Monthly Focus: The Need to Feed

Monthly Focus: The Need to Feed

Week 1

In April's One Drop Monthly Focus, we're taking a look at Hunger. The biological nature of it, how it has evolved in our species over time, and ways to tackle those unnecessary hunger pangs. Take a look at Week 1 below, where we explore the very scientific and natural process of hunger.

What Is Hunger?

Hunger is a part of human survival.

Quite simply, it’s a signal from the brain to the body that food—or energy—is needed to keep going. It’s something that we developed hundreds of thousands of years ago as a species to keep us alive and going. But while we tend to recognize hunger as a physiological experience, it is just as much—if not more—a psychological one.

Our brains were beautifully designed to influence our eating patterns at a time when access to food was limited. These were the days in which feast or famine was regularly practiced: food would go bad quickly without any type of preservation (refrigeration), so hunter-gatherers would often stuff themselves after finding a meal-source, not knowing when they may come across the next.

These types of humans were expending energy in order to get it; they were foraging up and down mountains to catch that next energy source. At the time, hunger signaled a primal need to eat to keep bodies going. Hunger is one of our first and most innate means of survival.

How Does Hunger Happen?

That grumbling in your stomach, the knotty, almost-queasy feeling you equate with hunger is directly influenced by the hypothalamus.
The hypothalamus serves as the master control center of the body’s available energy supply (among other things). It oversees how much energy is on reserve in the body; when that threshold goes too low, the hypothalamus alerts other bodily systems to a metabolic deficit.

Eating, then, is partly stimulated (and inhibited by) these signals from the hypothalamus. This regulatory system in the brain helps ensure that your body maintains its perfect balance of energy stores, tissue needs, and other metabolic fuels—what’s known as biological homeostasis.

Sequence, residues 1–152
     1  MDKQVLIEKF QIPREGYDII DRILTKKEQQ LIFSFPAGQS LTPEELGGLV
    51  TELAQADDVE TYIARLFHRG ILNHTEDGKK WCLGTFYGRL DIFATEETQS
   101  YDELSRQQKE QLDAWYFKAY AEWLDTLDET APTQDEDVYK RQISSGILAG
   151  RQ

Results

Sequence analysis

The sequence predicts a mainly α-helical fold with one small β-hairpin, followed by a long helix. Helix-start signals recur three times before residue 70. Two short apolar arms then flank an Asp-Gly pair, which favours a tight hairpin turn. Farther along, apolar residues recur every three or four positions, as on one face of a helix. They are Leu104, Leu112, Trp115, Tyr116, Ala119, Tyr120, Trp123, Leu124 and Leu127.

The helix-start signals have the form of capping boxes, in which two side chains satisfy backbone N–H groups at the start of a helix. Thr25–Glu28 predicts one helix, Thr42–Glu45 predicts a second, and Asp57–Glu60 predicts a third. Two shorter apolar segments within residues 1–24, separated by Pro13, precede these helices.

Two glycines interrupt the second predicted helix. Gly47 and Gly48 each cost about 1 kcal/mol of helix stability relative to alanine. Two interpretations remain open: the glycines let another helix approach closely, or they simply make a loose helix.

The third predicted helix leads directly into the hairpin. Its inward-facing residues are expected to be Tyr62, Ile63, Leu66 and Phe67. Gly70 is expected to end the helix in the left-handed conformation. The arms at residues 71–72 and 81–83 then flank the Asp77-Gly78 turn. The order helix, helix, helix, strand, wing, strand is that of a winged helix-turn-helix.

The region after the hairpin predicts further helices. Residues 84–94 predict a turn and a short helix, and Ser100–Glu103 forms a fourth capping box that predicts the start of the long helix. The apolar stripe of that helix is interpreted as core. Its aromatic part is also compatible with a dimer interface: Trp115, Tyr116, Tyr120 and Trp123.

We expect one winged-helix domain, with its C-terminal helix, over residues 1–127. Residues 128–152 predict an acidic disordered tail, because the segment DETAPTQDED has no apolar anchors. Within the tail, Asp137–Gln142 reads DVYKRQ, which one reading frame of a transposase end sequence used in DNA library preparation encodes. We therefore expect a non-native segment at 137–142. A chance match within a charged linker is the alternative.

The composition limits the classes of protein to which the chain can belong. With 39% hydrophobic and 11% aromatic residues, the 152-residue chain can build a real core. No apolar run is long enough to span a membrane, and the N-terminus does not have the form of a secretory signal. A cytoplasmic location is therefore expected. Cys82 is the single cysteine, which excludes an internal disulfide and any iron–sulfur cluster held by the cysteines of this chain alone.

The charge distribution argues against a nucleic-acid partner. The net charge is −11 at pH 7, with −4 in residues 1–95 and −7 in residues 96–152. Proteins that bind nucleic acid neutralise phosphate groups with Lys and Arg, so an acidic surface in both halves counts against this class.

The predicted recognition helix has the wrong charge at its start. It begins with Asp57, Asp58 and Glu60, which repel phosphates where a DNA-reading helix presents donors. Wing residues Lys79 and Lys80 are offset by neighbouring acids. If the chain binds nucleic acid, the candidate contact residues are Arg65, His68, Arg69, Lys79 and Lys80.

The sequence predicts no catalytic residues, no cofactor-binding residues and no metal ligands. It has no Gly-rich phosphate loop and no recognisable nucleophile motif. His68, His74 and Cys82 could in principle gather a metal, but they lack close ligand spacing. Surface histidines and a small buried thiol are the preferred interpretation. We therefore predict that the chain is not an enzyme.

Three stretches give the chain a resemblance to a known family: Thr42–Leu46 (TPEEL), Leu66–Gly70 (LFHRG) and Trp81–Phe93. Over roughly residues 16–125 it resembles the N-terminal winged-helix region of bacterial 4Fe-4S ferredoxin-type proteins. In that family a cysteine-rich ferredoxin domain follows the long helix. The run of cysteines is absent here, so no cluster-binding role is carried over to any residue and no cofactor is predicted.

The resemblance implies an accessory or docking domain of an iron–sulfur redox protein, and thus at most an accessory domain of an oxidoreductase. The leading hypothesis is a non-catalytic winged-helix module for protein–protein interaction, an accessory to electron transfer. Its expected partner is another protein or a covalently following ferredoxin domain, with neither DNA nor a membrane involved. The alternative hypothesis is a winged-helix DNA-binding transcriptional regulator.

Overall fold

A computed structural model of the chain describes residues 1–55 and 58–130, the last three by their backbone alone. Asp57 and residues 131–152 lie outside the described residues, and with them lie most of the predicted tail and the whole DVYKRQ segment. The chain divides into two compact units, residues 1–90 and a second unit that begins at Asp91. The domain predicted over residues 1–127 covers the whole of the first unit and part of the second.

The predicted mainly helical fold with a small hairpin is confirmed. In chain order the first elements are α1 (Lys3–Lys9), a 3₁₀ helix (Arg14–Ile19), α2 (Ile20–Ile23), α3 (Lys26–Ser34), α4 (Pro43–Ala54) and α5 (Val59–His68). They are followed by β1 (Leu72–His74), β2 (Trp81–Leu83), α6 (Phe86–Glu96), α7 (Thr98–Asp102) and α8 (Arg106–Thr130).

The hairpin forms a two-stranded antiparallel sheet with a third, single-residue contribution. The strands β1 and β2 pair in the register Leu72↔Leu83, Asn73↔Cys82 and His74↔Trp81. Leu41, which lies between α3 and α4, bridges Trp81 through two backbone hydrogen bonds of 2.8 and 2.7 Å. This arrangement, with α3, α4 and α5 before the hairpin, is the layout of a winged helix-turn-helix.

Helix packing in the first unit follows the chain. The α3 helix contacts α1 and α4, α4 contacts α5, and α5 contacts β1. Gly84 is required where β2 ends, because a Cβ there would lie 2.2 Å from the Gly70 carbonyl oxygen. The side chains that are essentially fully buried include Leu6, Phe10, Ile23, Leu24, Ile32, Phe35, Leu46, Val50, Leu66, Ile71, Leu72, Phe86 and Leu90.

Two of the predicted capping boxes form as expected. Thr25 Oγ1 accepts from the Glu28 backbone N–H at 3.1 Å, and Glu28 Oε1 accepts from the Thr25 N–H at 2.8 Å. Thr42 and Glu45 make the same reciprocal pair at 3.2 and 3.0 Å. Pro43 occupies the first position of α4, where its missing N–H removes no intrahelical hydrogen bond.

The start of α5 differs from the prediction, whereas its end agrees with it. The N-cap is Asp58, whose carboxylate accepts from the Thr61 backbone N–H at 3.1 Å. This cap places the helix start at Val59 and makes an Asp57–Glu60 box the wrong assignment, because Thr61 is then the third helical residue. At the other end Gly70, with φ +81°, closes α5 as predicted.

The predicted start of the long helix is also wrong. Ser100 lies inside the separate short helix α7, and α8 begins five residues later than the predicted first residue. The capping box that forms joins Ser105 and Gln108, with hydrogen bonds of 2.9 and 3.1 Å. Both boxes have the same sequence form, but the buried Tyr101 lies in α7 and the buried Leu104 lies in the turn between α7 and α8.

Within the hypothalamus is a network of neurons deeply rooted in hunger signaling. Neuropeptide Y (NPY) neurons send chemical messages to the rest of the body that stimulate a need for food intake, while the pro-opiomelanocortin (POMC) cells in that same network counteract those signals, stopping hunger in its tracks.

The brain’s network is in constant communication with other hormones found in the blood. It’s these hormones that initiate—and halt—the hunger process. Ghrelin, a hormone found in the stomach, is the chemical messenger that communicates with the brain to kickstart that appetite increase. It reduces the activity of those hunger-inhibiting cells in the brain and activates the NPY cells.

These two communication channels—one from the brain, the other found in the gut—create and continue this hunger behavior until the body is restored to its perfect energy state. Once all the body’s cells and organs are fully nourished, the hunger communication systems are halted by appetite suppression hormones, the most notable of these being leptin, though there are many others involved.

Our hunger and satiety cues are regulated by this intricately interconnected system of hormones from both the hypothalamus and the gastrointestinal (GI) tract, and their subsequent communication loops. It’s what’s known as our most basic, instinctual hunger signaling: the homeostatic hunger pathway.

But as our environment has changed, it has become more difficult to understand and balance these primal signals. Instead, a behavior-based type of hunger signaling has become much more prevalent.

What’s Changed?

Going back to those prehistoric ancestors, our bodies have evolved to crave certain concentrated sources of fat, sugar, starch, and protein. These macronutrients don’t just restore our energy levels. They also trigger the brain’s release of dopamine, the happy hormone.

In today’s food-rich environment, we are surrounded with tantalizing food advertisements that can stimulate eating, even when our energy stores our sufficiently full. It’s a challenge opposite to what our ancestors faced: our species has not evolved to face a scenario in which high-caloric food is abundant and readily available.

For the rest of this month, we’ll be focusing on ways to spot true hunger cues and ways to tackle those more sudden, reward-based urges to eat. Watch your One Drop Newsfeed for more articles on our April Monthly Focus: Hunger.

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Mary Elizabeth Adams
Apr 01, 2021

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